Jaap Brasser’s Favorite PowerShell Tips and Tricks

When I met up with Aleksandar Nikolic at TechEd Europe I was asked if I wanted to write an article for PowerShell Magazine. I hope my tips are useful to you and feel free to leave a comment or question if you would like me to clarify anything.

 Using –ErrorVariable to quickly check effective permissions for a user

When working with permissions it is useful to know to which folders a user has access and to which folders access is denied. Although the Windows GUI does offer options for effective permissions, this is hardly appropriate when a large folder structure should be checked. This is where Get-ChildItem comes into play:

Get-ChildItem –Force –Recurse –ErrorAction SilentlyContinue –ErrorVariable AccessDenied

This will display all files and folders that are accessible, and stores all inaccessible folders in the AccessDenied array. For the purpose of this example we will focus on the files and folders that generated an error. We do this by omitting the output of Get-ChildItem by writing the output to the special variable $null:

$null = Get-ChildItem –Force –Recurse –ErrorAction SilentlyContinue –ErrorVariable AccessDenied

This gives us a list that contains all errors that have been generated by Get-ChildItem which conveniently gives us all the paths that were inaccessible.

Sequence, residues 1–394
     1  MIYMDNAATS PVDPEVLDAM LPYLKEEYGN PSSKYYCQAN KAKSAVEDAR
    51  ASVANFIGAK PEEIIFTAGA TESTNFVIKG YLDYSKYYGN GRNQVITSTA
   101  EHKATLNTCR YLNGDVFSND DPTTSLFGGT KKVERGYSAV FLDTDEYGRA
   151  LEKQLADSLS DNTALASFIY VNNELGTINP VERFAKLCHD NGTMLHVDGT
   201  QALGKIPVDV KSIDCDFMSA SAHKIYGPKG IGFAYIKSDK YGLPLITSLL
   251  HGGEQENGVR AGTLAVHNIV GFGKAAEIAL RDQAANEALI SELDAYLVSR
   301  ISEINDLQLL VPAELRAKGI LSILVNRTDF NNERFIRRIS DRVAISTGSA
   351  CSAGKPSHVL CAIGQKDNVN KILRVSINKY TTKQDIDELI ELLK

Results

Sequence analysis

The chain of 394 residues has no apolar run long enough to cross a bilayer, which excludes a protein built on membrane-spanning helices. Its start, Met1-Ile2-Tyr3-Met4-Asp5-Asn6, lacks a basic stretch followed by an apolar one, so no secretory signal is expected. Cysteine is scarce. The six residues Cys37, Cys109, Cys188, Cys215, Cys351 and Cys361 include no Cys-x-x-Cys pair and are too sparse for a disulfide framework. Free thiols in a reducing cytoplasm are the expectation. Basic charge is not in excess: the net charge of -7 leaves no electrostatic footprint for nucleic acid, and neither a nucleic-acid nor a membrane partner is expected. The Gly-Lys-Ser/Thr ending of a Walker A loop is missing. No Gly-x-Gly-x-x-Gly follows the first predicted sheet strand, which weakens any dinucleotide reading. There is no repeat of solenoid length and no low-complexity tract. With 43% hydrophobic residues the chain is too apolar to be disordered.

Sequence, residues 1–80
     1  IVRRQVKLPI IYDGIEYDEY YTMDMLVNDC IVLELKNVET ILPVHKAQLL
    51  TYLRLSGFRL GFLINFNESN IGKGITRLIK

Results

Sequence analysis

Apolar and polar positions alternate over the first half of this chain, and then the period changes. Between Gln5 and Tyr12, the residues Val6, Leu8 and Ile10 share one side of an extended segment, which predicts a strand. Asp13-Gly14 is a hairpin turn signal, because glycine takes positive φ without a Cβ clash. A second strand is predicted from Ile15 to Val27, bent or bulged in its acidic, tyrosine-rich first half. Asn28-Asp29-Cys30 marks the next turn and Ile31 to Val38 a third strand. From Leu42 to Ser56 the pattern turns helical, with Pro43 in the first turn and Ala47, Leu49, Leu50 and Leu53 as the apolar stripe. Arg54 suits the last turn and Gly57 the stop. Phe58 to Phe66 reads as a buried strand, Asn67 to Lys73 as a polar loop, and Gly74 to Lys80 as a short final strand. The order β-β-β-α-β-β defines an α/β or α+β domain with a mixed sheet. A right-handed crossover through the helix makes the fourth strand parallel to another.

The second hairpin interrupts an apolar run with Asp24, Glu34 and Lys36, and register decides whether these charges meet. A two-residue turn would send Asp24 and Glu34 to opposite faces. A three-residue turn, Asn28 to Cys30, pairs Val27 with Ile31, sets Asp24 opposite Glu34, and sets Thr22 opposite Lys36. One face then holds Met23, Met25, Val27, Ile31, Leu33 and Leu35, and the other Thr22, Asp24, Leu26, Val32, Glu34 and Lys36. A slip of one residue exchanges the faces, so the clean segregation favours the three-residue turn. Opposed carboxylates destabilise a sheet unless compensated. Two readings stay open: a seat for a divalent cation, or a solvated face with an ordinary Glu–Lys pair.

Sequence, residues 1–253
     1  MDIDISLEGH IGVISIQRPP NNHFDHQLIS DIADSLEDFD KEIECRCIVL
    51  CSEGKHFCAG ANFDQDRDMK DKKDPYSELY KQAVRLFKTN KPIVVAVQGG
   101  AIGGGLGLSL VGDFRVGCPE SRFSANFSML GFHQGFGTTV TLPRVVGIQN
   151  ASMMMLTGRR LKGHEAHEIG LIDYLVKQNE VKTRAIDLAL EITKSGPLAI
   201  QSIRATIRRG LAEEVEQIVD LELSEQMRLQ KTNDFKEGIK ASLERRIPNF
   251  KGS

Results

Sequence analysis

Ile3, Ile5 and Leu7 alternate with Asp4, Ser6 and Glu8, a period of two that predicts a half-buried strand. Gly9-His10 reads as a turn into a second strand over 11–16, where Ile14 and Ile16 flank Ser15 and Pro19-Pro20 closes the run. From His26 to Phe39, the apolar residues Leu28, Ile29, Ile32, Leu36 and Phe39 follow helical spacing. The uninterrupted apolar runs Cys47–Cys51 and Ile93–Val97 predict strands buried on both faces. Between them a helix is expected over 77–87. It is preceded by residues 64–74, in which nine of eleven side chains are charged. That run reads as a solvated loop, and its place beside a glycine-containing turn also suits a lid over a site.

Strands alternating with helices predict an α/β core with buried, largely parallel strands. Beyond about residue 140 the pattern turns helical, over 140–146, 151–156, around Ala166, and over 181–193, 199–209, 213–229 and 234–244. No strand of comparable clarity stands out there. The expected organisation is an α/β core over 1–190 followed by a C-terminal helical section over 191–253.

$AccessDenied | ForEach-Object {$_.Exception}

This command displays all the inaccessible paths including the error messages. To just display paths we can use the TargetObject property.

$AccessDenied | ForEach-Object {$_.TargetObject}

This will display the names of the files and folders that were inaccessible. Because this catches all errors there might also be other reasons besides permissions which might be restricting access to a file or folder. Therefore it is important to verify the errors before assuming why access might have been denied to a folder.

As a bonus, since we should already be using PowerShell v3, we can shorten the last two commands:


Parse Robocopy output in PowerShell to find long path names – Workaround for 260 character limit in Windows

The specified path, file name, or both are too long. The fully qualified file name must be less than 260 characters, and the directory name must be less than 248 characters.

The dreaded error, I think everyone working with Windows has run into this at some point. Even in Windows 8/Server 2012 we are still limited by this. It might be a file server with an exotic folder structure or just a single file with a long name that we cannot get rid of. This tip will show how to use Robocopy to detect the files and folders that have a long path.

Let’s start out with a simple example displaying the difference in speed of using Get-ChildItem in combination with Measure-Object, or by using Robocopy to count the number of files and the total size of a folder:

(Measure-Command {1..10 | ForEach-Object {Get-ChildItem C:\Windows -Recurse -Force -ErrorAction SilentlyContinue | Where-Object {!$_.PSIsContainer} | Measure-Object Length -Sum}}).TotalSeconds